~Roscommon young scientists test best before dates~
Shane Maher , Thomas Cullen and James Finnerty, all 16-years-old and transition year students at CBS Roscommon, decided to look at how fresh is “fresh” milk as part of a BT Young Scientists project.
“We were trying to find which was the freshest milk in our area by carrying out four different tests,” explained James.
The main one was to measure how much lactic acid was in the milk, says Thomas. “Lactic acid is what makes the milk turn sour” he explained. The bacteria release an enzyme that breaks up lactose in the milk and lactic acid forms. The more acid, the quicker the spoiling.
They discovered that of the seven brands they tested regularly over a six week time period, Connacht Gold was consistently the “freshest” on the basis of lactic acid levels.
It is a challenge keeping bacterial levels low, said Shane. Milk from the cow is collected at 38 degrees and has to be cooled quickly to at least seven degrees or less.
“Once pasteurised the milk is sterile, but things don’t stay that way for long” Thomas said. It moves through different sets of hands, from farmer to processor and processor to shops and shops to consumer so there are lots of opportunities for it to warm up slightly, they say.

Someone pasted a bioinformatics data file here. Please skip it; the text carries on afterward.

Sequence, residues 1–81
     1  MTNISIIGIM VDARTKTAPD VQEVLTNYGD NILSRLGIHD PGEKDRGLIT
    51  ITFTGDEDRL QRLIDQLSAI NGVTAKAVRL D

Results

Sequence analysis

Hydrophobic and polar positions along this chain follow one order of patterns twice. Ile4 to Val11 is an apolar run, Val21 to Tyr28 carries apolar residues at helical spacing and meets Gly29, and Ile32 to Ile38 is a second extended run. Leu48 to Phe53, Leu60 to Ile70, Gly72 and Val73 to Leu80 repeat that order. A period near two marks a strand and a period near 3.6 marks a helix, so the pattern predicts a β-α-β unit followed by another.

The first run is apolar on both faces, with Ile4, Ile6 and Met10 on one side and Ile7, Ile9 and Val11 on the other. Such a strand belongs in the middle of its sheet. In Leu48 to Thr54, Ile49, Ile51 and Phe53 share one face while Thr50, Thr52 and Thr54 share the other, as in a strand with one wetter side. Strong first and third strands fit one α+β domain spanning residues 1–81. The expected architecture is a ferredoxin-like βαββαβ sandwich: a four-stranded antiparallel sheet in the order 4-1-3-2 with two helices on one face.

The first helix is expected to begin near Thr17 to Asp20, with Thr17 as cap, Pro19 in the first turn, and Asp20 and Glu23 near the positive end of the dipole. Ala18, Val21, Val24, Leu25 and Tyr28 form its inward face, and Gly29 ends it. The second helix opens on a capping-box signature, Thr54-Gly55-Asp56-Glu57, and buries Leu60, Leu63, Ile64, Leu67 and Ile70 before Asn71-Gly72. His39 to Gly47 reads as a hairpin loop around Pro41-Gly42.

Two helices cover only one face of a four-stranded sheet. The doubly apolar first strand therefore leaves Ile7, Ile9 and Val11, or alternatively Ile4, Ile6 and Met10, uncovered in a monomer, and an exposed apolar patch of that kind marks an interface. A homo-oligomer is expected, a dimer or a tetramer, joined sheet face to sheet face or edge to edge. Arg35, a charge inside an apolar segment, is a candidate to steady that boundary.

The only way to slow spoiling is to keep the milk at a low temperature for as long as possible – and they advise that a fridge is obviously best, but warn against keeping it in the door shelves as this is the warmest part of the fridge.
Speaking about the project, the students’ Agri Science teacher, Louise Gallagher said “it was a fantastic experience at the Young Scientists exhibition. Shane, Thomas and James put a lot of effort and technical research into their project and were delighted to see coverage in some national media”.